A Post Mass Shooting Review from our Church Red Teaming Experience

Feature by Mr. J. Tate, Chief Intelligence Officer in bits&digits, on Peerlyst.com, published November 2017.

Prologue Rant

We start by throwing a rock at the gun machine, @NRA. The NRA has never done anything to me personally, but this is a jab is well deserved. The spin cycle your PR machine is knitting will get a lot of misinformed, undertrained, and afraid people killed. More guns and less control over them will not, is not, and never will be an answer to a crisis like this.

But in the same paper, touch my guns, US Lawmakers, and we have a constitutional issue, you and I.



Late last year and the beginning of this year, my company conducted a few #RedTeam style physical security assessments of South Carolina’s largest Baptist and Methodist churches as a goodwill addition to the Cyber Security contract engaged. Obviously, I’m not going to go into the weaknesses of the individual institutions; nor will we discuss in verbosity the plans of actions and mitigations leveraged. Our topic of discussion is the #SecurityTone these institutions had before we arrived. And we’ll discuss how they may have changed ever so slightly to a more adept security conscience religious institution post assessment.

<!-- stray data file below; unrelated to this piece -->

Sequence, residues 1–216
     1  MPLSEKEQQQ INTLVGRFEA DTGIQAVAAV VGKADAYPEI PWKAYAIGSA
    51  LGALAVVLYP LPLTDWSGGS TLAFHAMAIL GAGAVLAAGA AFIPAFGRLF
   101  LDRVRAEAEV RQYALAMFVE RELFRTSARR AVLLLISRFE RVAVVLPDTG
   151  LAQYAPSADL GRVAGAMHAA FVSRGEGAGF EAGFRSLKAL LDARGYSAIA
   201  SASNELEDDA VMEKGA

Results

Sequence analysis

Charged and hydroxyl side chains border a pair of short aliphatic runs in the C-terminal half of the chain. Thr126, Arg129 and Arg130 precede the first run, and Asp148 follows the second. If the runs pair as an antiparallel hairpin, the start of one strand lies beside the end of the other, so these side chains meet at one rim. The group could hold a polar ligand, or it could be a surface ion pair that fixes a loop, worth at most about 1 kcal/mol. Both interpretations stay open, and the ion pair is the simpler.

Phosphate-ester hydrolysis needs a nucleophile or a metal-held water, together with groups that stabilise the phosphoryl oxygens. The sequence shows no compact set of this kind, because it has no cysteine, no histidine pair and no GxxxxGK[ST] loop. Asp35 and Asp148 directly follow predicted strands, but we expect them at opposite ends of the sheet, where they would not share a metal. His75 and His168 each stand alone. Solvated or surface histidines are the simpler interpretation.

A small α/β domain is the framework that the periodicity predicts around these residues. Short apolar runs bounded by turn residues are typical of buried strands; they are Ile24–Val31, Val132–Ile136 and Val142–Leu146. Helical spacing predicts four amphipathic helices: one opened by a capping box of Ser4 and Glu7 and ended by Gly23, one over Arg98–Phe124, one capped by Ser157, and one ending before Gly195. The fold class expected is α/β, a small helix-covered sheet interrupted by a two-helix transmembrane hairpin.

Operation Inoculate Emmanuel

In the defense of these churches, the racially divided and charged state of South Carolina had just experienced one of the, “at the time,” most deadly church shootings in history. If your not familiar with the Emmanuel 9 situation, I suggest you take a gander in your favorite search engine. White man/boy/racist/extremist/terrorist takes it upon himself to contribute to a systematic inflation of the African-American race expeditiously by exploiting the “Cold” and security relaxed nature of the American Church.

He knew it. I know it. Most people can agree. We all think of Religious Institutions as Safe Zones.